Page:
What a stunning description of God’s presence in our human lives!

This morning’s passage ends with a warning of judgment.   Whenever there is judgment in the Bible, it’s because God’s people have not taken care of the poor, the hungry, the thirsty, those who are estranged, those without adequate clothing, those who are sick or in prison.   (I don’t know why religious people spend so much time talking about sex, when taking care of the poor is so much more important to God!)

Of course, a passage like this one can be frightening!   What if we haven’t done a good enough job of taking care of the poor?   As the Son of Man-Jesus says to the goats at his left hand: You that are accursed, depart from me into the eternal fire prepared for the devil and his angels; for I was hungry and you gave me no food, I was thirsty and you gave me nothing to drink, I was a stranger and you did not welcome me, naked and you did not give me clothing, sick and in prison and you did not visit me.”  Is it according to our performance in taking care of the poor that we earn either the reward of heaven or the punishment of hell?

There are words that deepen the mystery and suggest that it’s not so simple.  Then the righteous will answer him, “Lord, when was it that we saw you hungry and gave you food, or thirsty and gave you something to drink?  And when was it that we saw you a stranger and welcomed you, or naked and gave you clothing?  And when was it that we saw you sick or in prison and visited you?”   Do you see what’s going on here?  The “righteous,” those who performed well, didn’t even know that they were doing that!   They didn’t calculate!   They didn’t check their checkbooks or their calendars first!   They simply gave of themselves.   Their generosity was spontaneous.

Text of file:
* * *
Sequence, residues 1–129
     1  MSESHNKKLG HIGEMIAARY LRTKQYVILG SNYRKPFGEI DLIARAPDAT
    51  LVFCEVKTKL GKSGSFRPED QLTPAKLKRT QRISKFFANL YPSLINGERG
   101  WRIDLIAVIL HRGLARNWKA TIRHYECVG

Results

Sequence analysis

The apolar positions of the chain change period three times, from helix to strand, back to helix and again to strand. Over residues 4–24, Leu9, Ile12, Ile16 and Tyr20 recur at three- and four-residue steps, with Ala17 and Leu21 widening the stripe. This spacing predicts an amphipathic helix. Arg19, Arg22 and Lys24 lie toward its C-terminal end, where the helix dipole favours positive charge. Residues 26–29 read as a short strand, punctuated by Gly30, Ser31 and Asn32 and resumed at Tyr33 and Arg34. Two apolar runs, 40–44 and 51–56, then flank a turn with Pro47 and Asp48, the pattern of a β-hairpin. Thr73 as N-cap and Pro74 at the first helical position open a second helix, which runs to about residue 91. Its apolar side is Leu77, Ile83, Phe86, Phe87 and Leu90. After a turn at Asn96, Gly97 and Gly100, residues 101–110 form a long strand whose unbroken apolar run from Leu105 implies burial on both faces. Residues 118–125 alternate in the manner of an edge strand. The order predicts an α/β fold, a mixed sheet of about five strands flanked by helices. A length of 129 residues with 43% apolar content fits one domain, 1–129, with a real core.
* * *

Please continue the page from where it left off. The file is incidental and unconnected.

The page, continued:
When is your generosity spontaneous?

You give of yourself spontaneously when your love is deep, right?   When you don’t have to think about it, when you don’t have to calculate, you’re feeling called to give of yourself and your money.   It’s God the Holy Spirit calling you to that response!

Generosity is fruit of the Spirit.   It’s in that list that Paul teaches the Galatians (and us!): the fruit of the Spirit is love, joy, peace, patience, kindness, generosity, faithfulness, gentleness, and self-control.[3]  How radical this is!   Our volition is involved.   But that’s only our response.   We receive the very ability to be generous from God the Holy Spirit!

I do not hesitate to be specific about the need for all of us to bear the fruit of generosity – in giving our money, our time, and our abilities to support our congregation’s ministries in 2015.   That’s because everything that will be in our ministry budget will go towards caring for those who are in need, and bringing the presence of God to those who are suffering.   It’s why we do everything we do as church!   Why do we gather for worship and study, or even just to have fun?   It is to give thanks to God for the blessings of this day, and to receive nourishment from the Spirit to do the work God has given us to do.